Certificate creation

Creating a Diffie-Hellman group

Now, we'll create a Diffie-Hellman group. You can learn more about Diffie-Hellman in the SSL context in this nice security.stackexchange.com answer.

$ sudo openssl dhparam -out /etc/ssl/certs/dhparam.pem 2048

It will take a while to complete, so be patient. Once you're done, we can start configuring our NGINX install!

Configuring NGINX to use SSL

Instead of putting all our configuration in the same file, we are going to split it, so it can be easily maintained and tweaked if needed.

First, we are going to create a configuration snippet to tell NGINX where it should look for the certificate file and its key. To do this, we'll create a file with path /etc/nginx/snippets/self-signed.conf with the following content:

ssl_certificate /etc/ssl/private/nginx.crt;
ssl_certificate_key /etc/ssl/private/nginx.key;

Then, we'll create a configuration snippet with the SSL configuration at /etc/nginx/snippets/ssl-params.conf. Following DigitalOcean's example, we also took the default configuration provided on Cipherli.st. You can copy and paste it if you want.

ssl_protocols TLSv1 TLSv1.1 TLSv1.2;
ssl_prefer_server_ciphers on;
ssl_ciphers "EECDH+AESGCM:EDH+AESGCM:AES256+EECDH:AES256+EDH";
ssl_ecdh_curve secp384r1;
ssl_session_cache shared:SSL:10m;
ssl_session_tickets off;
ssl_stapling on;
ssl_stapling_verify on;
resolver 8.8.8.8 8.8.4.4 valid=300s;
resolver_timeout 5s;
add_header X-Frame-Options DENY;
add_header X-Content-Type-Options nosniff;

ssl_dhparam /etc/ssl/certs/dhparam.pem;

Now, it is time to adjust NGINX so it uses these two files. Our main goal is to make it a reverse SSL proxy to the WebAdmin and WebUI, so if anyone tries to navigate under HTTP, we should redirect them to use the HTTPS version.

With that in mind, we'll make a backup of our /etc/nginx/sites-available/default file and edit it. I'll paste here my entire configuration and explain the most important lines later.

$ sudo cp /ect/nginx/sites-available/default /ect/nginx/sites-available/default.bak

And here is the default content after editing it:

server {
    listen 80 default_server;
    listen [::]:80 default_server;
    server_name 127.0.0.1;
    return 302 https://$server_name$request_uri;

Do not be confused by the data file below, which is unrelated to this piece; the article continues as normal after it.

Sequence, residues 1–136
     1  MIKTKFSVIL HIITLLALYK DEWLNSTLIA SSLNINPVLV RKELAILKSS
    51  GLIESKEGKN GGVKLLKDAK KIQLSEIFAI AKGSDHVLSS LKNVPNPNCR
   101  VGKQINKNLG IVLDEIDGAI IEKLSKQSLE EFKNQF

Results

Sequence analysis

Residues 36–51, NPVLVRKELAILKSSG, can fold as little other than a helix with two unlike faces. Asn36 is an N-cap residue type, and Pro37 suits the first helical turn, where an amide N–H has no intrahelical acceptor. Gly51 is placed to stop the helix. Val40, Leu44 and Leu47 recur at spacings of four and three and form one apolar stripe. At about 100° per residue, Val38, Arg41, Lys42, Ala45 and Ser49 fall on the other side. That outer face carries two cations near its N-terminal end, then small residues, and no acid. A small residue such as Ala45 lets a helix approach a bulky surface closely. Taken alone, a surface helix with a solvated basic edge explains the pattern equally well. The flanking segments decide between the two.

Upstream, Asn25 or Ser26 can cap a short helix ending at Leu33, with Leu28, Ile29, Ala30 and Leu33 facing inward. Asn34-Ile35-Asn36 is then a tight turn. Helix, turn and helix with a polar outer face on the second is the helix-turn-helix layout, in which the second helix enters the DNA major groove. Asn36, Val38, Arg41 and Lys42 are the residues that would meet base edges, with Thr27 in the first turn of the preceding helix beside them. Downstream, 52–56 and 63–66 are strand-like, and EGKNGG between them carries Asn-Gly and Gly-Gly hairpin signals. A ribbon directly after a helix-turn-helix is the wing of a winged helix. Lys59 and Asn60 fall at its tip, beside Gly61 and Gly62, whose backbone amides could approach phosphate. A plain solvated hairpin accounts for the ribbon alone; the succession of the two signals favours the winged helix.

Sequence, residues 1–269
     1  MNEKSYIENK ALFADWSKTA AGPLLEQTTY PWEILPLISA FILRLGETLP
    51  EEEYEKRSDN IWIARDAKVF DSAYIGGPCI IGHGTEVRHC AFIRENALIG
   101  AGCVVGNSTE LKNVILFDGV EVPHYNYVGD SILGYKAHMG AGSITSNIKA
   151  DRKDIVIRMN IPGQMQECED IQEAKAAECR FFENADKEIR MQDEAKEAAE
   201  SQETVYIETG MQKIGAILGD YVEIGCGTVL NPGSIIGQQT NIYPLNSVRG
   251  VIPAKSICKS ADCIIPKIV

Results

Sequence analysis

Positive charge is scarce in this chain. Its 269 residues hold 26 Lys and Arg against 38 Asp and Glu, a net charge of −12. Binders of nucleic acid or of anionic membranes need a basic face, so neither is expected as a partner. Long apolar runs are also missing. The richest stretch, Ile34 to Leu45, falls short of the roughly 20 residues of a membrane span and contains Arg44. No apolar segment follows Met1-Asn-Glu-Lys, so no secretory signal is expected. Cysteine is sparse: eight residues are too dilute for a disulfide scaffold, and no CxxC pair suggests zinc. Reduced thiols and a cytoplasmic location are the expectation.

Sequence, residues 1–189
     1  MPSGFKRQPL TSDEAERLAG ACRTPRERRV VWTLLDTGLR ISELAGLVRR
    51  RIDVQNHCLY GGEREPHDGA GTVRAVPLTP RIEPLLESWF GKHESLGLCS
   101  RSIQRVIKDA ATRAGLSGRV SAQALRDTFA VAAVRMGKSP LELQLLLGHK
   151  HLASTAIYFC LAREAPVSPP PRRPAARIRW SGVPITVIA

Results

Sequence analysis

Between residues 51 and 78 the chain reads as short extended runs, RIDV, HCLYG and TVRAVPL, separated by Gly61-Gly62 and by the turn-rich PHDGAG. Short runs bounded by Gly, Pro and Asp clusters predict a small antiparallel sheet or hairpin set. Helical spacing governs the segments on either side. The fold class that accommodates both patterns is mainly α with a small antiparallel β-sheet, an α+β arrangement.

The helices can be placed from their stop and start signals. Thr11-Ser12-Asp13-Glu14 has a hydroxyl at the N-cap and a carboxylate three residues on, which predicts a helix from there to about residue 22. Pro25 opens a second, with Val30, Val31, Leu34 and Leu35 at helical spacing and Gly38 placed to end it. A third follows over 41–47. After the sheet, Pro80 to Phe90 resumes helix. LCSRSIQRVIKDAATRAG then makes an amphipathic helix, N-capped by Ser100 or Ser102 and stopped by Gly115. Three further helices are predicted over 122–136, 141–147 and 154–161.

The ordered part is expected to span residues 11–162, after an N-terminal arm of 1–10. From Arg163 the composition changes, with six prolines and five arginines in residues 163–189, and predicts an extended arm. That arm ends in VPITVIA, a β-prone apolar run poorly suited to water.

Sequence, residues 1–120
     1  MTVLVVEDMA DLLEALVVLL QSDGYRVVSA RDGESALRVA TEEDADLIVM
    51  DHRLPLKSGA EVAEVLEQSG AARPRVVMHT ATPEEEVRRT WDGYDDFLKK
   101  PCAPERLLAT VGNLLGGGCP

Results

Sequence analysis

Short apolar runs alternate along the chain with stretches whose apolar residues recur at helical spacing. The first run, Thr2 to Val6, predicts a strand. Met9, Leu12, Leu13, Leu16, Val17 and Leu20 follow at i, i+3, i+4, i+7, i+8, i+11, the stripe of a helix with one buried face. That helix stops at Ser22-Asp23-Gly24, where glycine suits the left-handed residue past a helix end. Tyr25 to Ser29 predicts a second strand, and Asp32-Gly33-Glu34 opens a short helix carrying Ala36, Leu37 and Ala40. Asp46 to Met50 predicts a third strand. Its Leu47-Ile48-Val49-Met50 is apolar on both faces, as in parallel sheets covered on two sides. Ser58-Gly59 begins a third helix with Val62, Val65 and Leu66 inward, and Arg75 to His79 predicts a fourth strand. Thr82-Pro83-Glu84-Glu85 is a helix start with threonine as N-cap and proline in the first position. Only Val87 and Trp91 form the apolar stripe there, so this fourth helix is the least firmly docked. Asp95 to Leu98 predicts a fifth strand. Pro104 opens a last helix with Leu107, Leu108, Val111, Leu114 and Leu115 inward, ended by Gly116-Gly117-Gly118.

}

server {
    listen 443 ssl http2 default_server;
    listen [::]:443 ssl http2 default_server;
    include snippets/self-signed.conf;
    include snippets/ssl-params.conf;

    location / {
        proxy_pass http://localhost:7178;
    }
}

First, we configure the server name to the IP (or name, or domain) we configured on the SSL certificate. Then, we'll return a 302 moved temporarily to HTTPS if someone tries to navigate through the insecure version. If everything works OK, you can change the 302 for a 301.

On the second server section, we tell NGINX to listen to HTTPS through the default port for the protocol, including the snippets we created before.

The last and most important part is the location one, where we indicate that when users navigate to the root path (/) it should act as a proxy for the WebAdmin URL.

Now, we can check that the files have the correct syntax by executing the following:

$ sudo nginx -t

Which should output something like the following:

The result of checking the configuration files Syntax

Please note that the first warning is OK. Because we signed our own certificate, it can't use OCSP stapling.

Now, we are ready to restart the NGINX service!

$ sudo service nginx restart

Wrapping up!

If everything went OK, now you can navigate to https://127.0.0.1, and the WebAdmin should load under HTTPS.

WebAdmin under HTTPS!

You'll probably see an alert message on your browser warning you that there were problems with the certificate. Luckily you can add a security exception for it, as you already know that that certificate is safe ;-)

Uh oh,

I'd like to thank user trx again for the guide. Its participating users like you that makes this an awesome job :-)

As always, if you have any problems or doubts, don't hesitate to get in touch through the comments, on Twitter at @plasticscm, or through email, at support@codicesoftware .com. We'll get back to you soon!